File descriptors and its purposes

The descriptor can be thought of as a pointer that references the actual file data in memory.

A file descriptor is a number that uniquely identifies an open file within a process. This means that if process-a is using file-a and in the file descriptor table it's denoted by 1, in process-b there can be file-b and in the file descriptor table its value can also be denoted by 1.

However, file descriptors are not only limited to files. Every I/O operation performed by the process will have a file descriptor assigned to it.

For example pipes, terminals like XTerm, devices like speakers and network sockets.

  • The kernel keeps track of how many descriptors are associated with a particular file, thereby ensuring that no two processes can modify it at the same time.

  • The kernel also keeps track of the permissions associated with each file descriptor, ensuring that only processes with the appropriate privileges can access certain files.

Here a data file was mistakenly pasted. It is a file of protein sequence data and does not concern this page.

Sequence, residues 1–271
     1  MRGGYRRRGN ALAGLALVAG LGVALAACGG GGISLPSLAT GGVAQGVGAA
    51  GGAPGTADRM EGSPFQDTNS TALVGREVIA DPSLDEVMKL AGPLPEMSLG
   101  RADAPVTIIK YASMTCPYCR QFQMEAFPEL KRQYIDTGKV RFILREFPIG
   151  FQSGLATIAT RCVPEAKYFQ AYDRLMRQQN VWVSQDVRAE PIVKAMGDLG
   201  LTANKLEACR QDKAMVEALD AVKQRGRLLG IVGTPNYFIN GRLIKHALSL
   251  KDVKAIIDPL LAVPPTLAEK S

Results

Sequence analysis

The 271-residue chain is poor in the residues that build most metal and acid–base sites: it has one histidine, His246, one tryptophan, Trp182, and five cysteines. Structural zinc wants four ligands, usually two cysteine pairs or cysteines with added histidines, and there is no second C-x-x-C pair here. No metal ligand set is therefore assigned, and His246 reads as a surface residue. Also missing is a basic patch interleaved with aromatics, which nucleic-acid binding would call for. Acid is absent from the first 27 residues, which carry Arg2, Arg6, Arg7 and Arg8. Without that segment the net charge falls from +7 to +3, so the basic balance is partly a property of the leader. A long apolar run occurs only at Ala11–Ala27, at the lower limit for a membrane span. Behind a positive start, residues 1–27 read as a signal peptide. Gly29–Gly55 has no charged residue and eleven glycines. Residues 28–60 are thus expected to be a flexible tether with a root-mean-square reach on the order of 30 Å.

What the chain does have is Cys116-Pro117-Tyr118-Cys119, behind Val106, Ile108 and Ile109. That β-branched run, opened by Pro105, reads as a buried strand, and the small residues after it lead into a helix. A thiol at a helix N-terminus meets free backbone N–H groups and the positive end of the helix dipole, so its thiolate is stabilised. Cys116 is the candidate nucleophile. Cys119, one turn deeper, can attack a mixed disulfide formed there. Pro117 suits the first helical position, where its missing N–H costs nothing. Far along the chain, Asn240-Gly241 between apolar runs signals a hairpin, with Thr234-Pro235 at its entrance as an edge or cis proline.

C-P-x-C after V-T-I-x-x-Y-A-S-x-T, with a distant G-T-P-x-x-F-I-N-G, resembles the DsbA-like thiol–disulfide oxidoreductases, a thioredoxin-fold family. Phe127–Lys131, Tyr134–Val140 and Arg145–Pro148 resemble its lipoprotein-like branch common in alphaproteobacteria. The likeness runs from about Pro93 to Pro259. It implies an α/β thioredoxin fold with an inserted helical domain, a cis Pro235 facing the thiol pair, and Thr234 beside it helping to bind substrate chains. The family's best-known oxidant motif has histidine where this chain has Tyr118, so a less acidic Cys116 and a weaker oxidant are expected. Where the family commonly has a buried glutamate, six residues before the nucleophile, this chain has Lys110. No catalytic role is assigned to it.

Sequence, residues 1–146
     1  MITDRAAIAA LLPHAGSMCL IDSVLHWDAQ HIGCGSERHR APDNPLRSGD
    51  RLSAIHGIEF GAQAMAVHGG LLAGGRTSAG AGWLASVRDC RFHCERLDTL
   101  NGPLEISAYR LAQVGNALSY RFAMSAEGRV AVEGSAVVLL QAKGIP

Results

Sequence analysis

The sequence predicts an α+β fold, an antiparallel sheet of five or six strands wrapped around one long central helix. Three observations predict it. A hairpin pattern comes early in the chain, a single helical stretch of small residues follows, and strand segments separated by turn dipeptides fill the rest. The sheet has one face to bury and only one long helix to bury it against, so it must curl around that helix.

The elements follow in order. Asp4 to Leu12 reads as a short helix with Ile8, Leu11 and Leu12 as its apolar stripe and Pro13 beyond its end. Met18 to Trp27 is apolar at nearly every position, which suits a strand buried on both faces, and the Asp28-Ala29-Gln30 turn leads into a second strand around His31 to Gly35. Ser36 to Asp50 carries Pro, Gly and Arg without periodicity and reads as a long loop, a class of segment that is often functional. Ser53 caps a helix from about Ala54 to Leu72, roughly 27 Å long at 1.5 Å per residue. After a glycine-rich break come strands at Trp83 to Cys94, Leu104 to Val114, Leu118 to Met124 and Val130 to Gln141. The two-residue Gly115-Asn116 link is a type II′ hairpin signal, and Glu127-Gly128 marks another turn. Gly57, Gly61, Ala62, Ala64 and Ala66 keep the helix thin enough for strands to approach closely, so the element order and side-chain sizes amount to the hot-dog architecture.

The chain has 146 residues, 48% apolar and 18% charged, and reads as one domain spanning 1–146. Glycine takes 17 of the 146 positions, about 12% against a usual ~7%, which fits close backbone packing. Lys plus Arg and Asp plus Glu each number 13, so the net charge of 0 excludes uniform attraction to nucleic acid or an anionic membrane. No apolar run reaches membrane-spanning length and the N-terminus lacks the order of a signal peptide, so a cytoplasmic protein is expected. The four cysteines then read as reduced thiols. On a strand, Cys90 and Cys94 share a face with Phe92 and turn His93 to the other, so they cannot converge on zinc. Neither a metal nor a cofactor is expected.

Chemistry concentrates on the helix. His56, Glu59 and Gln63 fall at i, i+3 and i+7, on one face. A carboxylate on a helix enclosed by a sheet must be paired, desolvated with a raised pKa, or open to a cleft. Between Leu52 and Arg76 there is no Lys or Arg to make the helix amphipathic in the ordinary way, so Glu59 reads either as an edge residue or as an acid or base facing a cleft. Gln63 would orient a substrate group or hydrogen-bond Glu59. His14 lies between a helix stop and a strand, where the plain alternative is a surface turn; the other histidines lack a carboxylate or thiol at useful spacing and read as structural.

• This prevents random processes from gaining access to sensitive data, thus making systems more secure.

File descriptors are used by system calls such as read(), write(), open(), and close() to perform operations on files or other resources.

  • For example, when you call the open() system call to open a file, the operating system will return a file descriptor that your program can use to read from or write to the file.

Standard file descriptors for every process

  1. Standard-Input: FD-0

  2. Standard-Output: FD-1

  3. Standard-Error: FD-2

Almost every process will have these three FDs by default.


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